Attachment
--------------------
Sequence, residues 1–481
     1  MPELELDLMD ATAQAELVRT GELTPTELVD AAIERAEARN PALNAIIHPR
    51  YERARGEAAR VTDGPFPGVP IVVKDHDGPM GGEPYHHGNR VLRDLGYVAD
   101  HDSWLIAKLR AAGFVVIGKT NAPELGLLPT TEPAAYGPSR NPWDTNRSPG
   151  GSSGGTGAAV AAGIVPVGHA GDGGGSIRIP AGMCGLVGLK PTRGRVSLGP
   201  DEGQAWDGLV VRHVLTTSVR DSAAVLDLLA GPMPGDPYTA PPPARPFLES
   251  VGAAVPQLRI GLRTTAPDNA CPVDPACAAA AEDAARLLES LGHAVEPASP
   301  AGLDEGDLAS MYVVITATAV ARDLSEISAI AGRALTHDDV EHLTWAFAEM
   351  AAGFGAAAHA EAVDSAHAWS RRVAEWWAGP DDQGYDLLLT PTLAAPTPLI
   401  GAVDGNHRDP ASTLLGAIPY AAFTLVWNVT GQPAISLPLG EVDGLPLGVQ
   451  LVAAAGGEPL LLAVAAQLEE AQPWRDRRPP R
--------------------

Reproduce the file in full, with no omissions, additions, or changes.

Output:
Sequence, residues 1–481
     1  MPELELDLMD ATAQAELVRT GELTPTELVD AAIERAEARN PALNAIIHPR
    51  YERARGEAAR VTDGPFPGVP IVVKDHDGPM GGEPYHHGNR VLRDLGYVAD
   101  HDSWLIAKLR AAGFVVIGKT NAPELGLLPT TEPAAYGPSR NPWDTNRSPG
   151  GSSGGTGAAV AAGIVPVGHA GDGGGSIRIP AGMCGLVGLK PTRGRVSLGP
   201  DEGQAWDGLV VRHVLTTSVR DSAAVLDLLA GPMPGDPYTA PPPARPFLES
   251  VGAAVPQLRI GLRTTAPDNA CPVDPACAAA AEDAARLLES LGHAVEPASP
   301  AGLDEGDLAS MYVVITATAV ARDLSEISAI AGRALTHDDV EHLTWAFAEM
   351  AAGFGAAAHA EAVDSAHAWS RRVAEWWAGP DDQGYDLLLT PTLAAPTPLI
   401  GAVDGNHRDP ASTLLGAIPY AAFTLVWNVT GQPAISLPLG EVDGLPLGVQ
   451  LVAAAGGEPL LLAVAAQLEE AQPWRDRRPP R